The House plans to vote Thursday on its version of a bill to crack down on congressional insider trading and political intelligence peddling, even as the version that passed the Senate last week has raised concerns it could turn the act of calling a congressional staffer about a bill into a lobbying activity.
Sen. Chuck Grassley, Iowa Republican, succeeded in adding a provision to the Senate bill that will require anyone who seeks information from a government official to help them analyze markets or make investment decisions to register as a lobbyist.
But analysts said that is so broad that it could sweep up average citizens, adding thousands of people to the rolls of official lobbyists by classifying them as "political intelligence consultants."
Under the definition, Wall Street analysts who gather information for investment firms would have to register as lobbyists for the first time. But some experts say the provision is so vague it could apply to anyone who seeks information from a friend on Capitol Hill — even if the information is public.
"If you read it in the newspaper, on the Internet or in the trade press, it's not a problem," said Tom Susman, editor of the Lobbying Manual, a guide to federal lobbying law. "But if you call your member of Congress because you want direct information, that's political intelligence."
The fight came as part of the broader Stock Act, which would make members of Congress subject to sanctions if they use insider information for financial gain.
Mr. Grassley's amendment, which passed 60-39, will require those seeking information to register as lobbyists.
Mr. Grassley told his colleagues that they need to crack down on a multimillion-dollar industry where Washington insiders peddle their knowledge to Wall Street firms that leverage it for profit.
"There is a growing unregulated industry with no transparency," Mr. Grassley said. "If a lobbyist has to register in order to advocate for a school or a church or a private corporation, shouldn't a lobbyist have to register if they're seeking information that ends up in making people a profit."
The provision caught the attention of industry groups over the weekend. The Washington law firm Covington & Burling sent out a notice Monday warning clients that hedge funds, private equity funds and investment advisers who don't currently have to register under lobbying rules might need to change their practices to avoid registration.
"The reach of the law, if enacted, would likely extend far beyond the financial services sector," the firm wrote. "For example, a company that seeks to gather information from covered federal officials regarding the likely congressional or regulatory reaction to a proposed merger or acquisition might be required to register."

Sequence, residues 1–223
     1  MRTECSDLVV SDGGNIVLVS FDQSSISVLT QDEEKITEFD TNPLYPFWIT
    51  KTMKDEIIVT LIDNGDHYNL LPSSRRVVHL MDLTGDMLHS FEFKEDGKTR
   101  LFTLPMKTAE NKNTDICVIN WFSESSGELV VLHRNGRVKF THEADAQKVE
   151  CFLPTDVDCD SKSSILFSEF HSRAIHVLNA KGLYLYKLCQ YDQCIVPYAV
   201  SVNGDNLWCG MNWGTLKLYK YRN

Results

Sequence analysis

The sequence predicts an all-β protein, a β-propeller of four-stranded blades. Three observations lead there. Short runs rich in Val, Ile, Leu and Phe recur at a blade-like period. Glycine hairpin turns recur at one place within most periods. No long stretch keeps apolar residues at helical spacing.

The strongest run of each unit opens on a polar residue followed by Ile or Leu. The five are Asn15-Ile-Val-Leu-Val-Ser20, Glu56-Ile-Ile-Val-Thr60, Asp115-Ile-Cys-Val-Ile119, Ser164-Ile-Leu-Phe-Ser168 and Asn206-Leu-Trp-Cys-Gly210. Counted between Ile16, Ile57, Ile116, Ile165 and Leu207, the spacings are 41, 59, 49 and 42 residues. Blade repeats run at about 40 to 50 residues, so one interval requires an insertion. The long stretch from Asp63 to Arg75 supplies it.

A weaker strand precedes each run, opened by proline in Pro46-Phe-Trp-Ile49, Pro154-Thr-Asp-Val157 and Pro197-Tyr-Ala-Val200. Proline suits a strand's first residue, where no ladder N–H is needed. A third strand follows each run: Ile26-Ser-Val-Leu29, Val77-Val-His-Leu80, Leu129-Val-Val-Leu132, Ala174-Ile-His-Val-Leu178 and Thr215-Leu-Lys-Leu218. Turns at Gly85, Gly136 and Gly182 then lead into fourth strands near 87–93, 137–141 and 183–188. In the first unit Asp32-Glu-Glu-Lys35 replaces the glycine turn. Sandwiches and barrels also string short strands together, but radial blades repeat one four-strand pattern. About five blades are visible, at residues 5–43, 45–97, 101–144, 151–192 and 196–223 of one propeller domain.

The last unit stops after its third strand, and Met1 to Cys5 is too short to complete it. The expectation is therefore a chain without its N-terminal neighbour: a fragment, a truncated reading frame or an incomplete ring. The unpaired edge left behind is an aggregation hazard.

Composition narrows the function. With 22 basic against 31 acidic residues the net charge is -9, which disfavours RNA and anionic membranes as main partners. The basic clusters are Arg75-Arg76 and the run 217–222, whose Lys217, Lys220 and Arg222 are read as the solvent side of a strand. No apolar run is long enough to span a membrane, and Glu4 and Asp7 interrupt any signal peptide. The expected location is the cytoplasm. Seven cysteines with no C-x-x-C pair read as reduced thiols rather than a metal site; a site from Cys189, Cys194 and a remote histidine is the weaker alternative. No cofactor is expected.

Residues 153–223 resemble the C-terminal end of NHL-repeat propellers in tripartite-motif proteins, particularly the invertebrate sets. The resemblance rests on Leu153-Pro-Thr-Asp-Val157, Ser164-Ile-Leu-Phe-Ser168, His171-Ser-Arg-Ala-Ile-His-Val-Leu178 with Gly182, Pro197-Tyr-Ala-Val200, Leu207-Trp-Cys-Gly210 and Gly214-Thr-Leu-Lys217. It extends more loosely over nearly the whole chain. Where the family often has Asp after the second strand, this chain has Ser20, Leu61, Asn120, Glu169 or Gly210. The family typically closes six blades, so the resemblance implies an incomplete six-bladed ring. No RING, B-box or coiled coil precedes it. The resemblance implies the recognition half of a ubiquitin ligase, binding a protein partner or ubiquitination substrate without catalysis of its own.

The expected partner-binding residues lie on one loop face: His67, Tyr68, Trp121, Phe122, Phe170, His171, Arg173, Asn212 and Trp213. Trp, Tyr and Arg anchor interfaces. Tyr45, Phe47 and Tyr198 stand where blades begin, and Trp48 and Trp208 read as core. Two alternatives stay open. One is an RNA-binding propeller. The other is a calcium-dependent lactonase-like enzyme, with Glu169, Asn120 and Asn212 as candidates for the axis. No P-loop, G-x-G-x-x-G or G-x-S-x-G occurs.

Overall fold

Others charge that it doesn't close loopholes that allow Washington insiders like former House Speaker Newt Gingrich and former Senate Democratic Leader Tom Daschle to earn millions from consulting without registering as lobbyists.
House Majority Leader Eric Cantor didn't say whether the House version would include the Grassley amendment, but promised to release amendments to the House bill Tuesday evening, ahead of a vote later this week.
Mr. Cantor said that the House bill extends the ban on insider trading to the executive branch and makes it easier for a member of Congress convicted of a crime to lose their pension — similar to the Senate bill. It also prohibits public officials and their staff from receiving special access to initial public offerings due to their positions.
"Tonight, we will introduce a strengthened and expanded Stock Act, and remove provisions that would have made the bill unworkable or raised more questions then they answered," Mr. Cantor said.
Howard Marlowe, president of the American League of Lobbyists, hopes to convince Congress to expand the provision to include any information gleaned from Capitol Hill — not just information that could inform investment activity.
"We want to use this as an opportunity," Mr. Marlowe said. "We want to be more inclusive and pick up the Gingrichs, the Daschles and the thousands of other people who are ABAL — Anything But A Lobbyist."
To others, the provision extends far beyond its intended effects.
Mr. Susman said that as he reads the bill, he believes it could apply to a "humongous" number of people — from businesses trying to make real estate decisions to individuals seeking to sell a home.
"If I call a friend on the Hill to find out if there's likely to be action on a tax bill because I'm thinking about selling my second house, I'm caught as a political intelligence consultant," he said. "That's clearly information collection for purposes of making a financial decision."
© Copyright 2015 The Washington Times, LLC. Click here for reprint permission.